Remember, I was fresh off my suicide spree. I still wasn’t happy in life. I had tried, at this point, potentially every single combination of antidepressants, anti-psychotics, anti-anxiety agents and God knows what else. Point is, I’d tried it, and it failed me. Why do I say that? Well, someone who is not depressed does not attempt, thirteen times, to kill themselves. Obviously, I was not happy, and the medication wasn’t helping. So here I was, in pain, depressed, anxious, unhappy and miserable, not knowing what to do or where to go to find relief. I just knew that salvation did not lie at the bottom of a bottle of pills. I’d tried that. So where did it lie? Well, I was being given an opportunity to find out, at least rule out drugs, and I was going to seize the chance. Nothing could possibly make my life any worse, so there was no harm, no foul. And if things improved for me, praise be Jesus, or drugs, as it were. So, I said yes, I’d come party. I finished my laundry, hopped on my bike, huffed and puffed up the backside of Capital Hill, and made my way to his place. You know, I can’t remember his name. What I do remember was what happened.

pop more pills
feel the chill
live the rush
die 
just a crush

an addiction, all my own; a lifestyle, one I chose
may I get another? 
life, I mean
this one doesn’t go down easy

a flicker, flame, beacon in the dark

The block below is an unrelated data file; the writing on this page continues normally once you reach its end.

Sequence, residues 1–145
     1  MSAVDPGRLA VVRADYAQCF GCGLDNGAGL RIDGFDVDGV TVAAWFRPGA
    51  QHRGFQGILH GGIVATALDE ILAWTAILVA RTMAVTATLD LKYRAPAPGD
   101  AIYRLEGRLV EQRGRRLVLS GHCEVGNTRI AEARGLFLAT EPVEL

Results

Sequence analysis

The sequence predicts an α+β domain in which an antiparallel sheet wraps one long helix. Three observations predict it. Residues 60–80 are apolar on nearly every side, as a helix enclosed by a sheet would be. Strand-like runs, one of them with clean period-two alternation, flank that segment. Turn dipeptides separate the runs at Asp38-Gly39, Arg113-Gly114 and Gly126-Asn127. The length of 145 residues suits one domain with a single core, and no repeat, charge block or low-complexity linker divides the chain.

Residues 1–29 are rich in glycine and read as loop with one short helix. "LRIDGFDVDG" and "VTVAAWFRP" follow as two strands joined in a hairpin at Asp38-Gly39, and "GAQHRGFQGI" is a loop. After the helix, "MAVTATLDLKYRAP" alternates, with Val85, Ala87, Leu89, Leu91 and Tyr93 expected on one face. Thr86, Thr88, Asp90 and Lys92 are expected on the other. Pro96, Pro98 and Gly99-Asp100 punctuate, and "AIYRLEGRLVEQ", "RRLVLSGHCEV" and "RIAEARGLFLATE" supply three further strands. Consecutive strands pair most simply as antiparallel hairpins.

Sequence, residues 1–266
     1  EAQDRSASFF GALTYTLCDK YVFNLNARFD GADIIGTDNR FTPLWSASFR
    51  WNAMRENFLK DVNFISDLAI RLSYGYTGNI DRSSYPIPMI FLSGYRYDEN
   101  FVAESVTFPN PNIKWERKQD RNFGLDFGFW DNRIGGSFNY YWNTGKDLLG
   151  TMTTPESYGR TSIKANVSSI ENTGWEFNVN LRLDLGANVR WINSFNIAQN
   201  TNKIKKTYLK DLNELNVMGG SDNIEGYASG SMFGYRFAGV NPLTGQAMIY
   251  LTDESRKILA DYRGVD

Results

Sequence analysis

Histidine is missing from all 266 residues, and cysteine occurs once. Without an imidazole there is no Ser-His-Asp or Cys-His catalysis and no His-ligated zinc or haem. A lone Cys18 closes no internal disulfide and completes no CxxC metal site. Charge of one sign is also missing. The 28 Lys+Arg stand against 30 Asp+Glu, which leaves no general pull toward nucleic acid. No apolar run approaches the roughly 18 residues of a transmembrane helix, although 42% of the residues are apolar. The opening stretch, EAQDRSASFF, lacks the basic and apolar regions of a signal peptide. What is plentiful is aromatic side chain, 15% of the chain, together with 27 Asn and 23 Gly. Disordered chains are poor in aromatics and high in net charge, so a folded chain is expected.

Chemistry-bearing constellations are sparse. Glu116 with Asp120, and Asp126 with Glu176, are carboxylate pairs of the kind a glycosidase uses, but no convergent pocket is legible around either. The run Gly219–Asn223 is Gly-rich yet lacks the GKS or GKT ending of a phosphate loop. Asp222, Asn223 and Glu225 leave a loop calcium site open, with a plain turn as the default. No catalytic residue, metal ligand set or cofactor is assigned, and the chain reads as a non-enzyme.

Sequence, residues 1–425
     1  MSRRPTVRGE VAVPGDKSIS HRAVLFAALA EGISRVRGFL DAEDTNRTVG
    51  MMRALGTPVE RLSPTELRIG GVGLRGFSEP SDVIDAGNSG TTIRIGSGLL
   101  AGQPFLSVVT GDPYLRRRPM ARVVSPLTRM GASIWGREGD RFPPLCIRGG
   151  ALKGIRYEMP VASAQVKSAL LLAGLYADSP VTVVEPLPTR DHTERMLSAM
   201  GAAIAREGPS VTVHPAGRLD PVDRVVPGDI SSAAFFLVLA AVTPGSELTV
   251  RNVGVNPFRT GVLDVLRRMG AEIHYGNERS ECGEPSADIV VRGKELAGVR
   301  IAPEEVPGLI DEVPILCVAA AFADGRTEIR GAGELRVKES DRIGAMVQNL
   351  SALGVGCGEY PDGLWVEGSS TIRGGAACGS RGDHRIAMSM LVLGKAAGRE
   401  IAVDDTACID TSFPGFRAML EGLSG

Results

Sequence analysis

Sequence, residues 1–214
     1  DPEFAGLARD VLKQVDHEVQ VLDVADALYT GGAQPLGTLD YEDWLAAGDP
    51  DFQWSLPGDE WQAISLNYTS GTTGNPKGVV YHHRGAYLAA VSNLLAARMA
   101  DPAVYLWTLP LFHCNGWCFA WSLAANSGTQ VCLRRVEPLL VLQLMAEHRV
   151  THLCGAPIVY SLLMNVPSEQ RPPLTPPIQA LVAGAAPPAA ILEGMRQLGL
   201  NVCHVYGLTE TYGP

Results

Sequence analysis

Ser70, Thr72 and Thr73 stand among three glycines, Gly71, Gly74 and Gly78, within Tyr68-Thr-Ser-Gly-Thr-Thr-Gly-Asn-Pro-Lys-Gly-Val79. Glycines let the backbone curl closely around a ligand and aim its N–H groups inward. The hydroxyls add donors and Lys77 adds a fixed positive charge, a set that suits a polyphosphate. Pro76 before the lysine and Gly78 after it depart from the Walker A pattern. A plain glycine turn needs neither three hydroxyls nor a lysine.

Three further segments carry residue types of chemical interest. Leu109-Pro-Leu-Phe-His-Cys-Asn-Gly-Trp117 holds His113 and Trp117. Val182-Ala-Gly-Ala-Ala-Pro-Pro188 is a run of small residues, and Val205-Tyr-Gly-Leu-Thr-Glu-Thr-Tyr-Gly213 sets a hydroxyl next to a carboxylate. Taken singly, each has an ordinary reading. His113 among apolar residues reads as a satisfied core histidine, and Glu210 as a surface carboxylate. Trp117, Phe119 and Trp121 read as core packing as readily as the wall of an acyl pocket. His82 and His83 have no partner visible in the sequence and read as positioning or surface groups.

a spoon, a pipe, doing it on a lark
who hurts when I fall? 
not I
not I at all

a bottle in front of me
a decision to be made
do I take the medicine? 
or swallow the poison pill? 
isn’t that really what I’ve been doing all along?

alice
see through the looking glass
can you still fit through that door? 
has life become just a chore?

drink the potion, my sweet
lie down beneath these sheets
when it’s over it’ll all be over
when it’s done your time has come

hanging on, not letting go
I want to feel the thrill
again
of life
beyond the pipe

I want to feel the rush
of waking, flush
with life

it cuts like a knife

slit your wrists
smoke a bowl
live or die, who’s to care?
who’s to hurt? 
not you, not I

alice fits through the door again
I am ready to embrace this sin
falling out, falling in
sodomy between me
and my pipe
outrage
pathetic

poetic

like a pill about to crush
like the damned who live for the rush
I take my pills
and live the thrill

and
I die
alone
needle in my arm
pills strewn around
who’s to care? who’s to know?
I just wanted to go
through the looking glass, again

-Alice Falls, personal writings, 2014